Introduction: Globalization and Geopolitics in the Middle East
To speak about globalization in the greater Middle East (GME) immediately opens up the debate about the context and the very nature of social and political organization in the Muslim world. Globalization is not the only prime mover here, and the much-neglected geopolitical context needs to be understood if emerging trends and major changes taking place in the region are to be properly understood.1 This study aims to place globalization in a geopolitical frame of analysis, arguing that the realities of the latter help shape the globalizing forces now bombarding this region. By geopolitics, it understands that ‘nations or states are engaged in a perpetual struggle for life, the key to which is control over “spaces” into which the earth is divided. Development of these “spaces” is subject to “laws” which can be derived from the study of geography and history and successfully applied to foreign policy’.2 Once such critical space with well developed and complex laws is the region known as the Middle East and North Africa (MENA), and the wider geographical area to its east, which today forms the ‘greater’ Middle East. On the Middle East space and its laws, Carl Brown produced a pioneering study, which has informed the debate about the international politics of the Middle East to this day.3 In it he showed that the apparently confused state of international politics of the Middle East could be reduced to a discernible pattern – hence the ‘old rules, dangerous game’ of his subtitle. For me,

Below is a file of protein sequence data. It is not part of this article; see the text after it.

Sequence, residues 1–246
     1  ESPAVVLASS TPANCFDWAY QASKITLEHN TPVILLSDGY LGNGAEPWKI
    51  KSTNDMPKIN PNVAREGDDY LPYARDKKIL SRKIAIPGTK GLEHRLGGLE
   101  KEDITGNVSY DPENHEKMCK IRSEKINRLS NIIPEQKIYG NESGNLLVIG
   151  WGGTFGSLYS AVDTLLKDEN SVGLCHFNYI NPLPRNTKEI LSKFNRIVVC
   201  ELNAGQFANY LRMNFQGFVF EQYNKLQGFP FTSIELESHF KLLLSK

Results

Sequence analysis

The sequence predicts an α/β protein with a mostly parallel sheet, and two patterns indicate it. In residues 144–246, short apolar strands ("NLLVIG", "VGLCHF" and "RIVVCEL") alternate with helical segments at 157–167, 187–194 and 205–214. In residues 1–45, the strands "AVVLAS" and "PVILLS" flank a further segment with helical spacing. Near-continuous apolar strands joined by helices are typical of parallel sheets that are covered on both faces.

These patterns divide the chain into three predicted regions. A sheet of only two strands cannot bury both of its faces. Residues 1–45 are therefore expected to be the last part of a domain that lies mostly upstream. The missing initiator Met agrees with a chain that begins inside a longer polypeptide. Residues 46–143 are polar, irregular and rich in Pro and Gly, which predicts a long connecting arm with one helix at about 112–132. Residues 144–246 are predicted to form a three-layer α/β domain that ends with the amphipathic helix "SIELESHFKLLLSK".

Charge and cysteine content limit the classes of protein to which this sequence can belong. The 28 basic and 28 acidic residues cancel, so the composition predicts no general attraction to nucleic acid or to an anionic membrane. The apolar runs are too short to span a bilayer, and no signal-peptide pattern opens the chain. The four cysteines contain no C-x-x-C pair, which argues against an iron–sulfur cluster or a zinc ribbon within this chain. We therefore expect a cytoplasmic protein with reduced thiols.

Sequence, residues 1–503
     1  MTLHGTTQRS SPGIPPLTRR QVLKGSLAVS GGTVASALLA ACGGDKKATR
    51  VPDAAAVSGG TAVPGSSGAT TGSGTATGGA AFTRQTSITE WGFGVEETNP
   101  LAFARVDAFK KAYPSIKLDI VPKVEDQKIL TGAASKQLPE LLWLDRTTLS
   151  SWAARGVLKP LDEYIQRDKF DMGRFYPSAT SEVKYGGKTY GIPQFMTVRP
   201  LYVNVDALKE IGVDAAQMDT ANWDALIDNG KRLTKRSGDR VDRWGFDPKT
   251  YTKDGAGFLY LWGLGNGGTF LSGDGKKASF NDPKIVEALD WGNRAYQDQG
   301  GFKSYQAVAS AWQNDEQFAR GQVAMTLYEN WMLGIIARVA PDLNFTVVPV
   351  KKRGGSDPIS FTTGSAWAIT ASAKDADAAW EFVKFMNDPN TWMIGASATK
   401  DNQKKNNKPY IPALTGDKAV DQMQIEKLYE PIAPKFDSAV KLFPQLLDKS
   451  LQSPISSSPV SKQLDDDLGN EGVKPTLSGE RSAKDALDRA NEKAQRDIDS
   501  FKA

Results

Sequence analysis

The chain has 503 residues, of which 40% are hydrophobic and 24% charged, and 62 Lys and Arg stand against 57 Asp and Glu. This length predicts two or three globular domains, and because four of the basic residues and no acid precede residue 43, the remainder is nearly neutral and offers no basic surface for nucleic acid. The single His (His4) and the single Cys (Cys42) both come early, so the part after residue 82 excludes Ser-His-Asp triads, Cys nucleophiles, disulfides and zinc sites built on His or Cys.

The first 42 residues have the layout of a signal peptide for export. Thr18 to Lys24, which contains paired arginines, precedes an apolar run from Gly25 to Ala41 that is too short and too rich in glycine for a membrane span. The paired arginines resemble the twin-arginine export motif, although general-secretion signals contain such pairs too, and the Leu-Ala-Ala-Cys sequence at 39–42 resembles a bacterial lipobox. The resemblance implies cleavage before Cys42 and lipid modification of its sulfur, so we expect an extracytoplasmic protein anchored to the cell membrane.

though, the current situation could be better captured by the term ‘old games, new rules’. Some of the old games, or even old rules, are of course still to be found in the international politics of the region, but for a fuller picture political economy, as part of the new rules, cannot be ignored.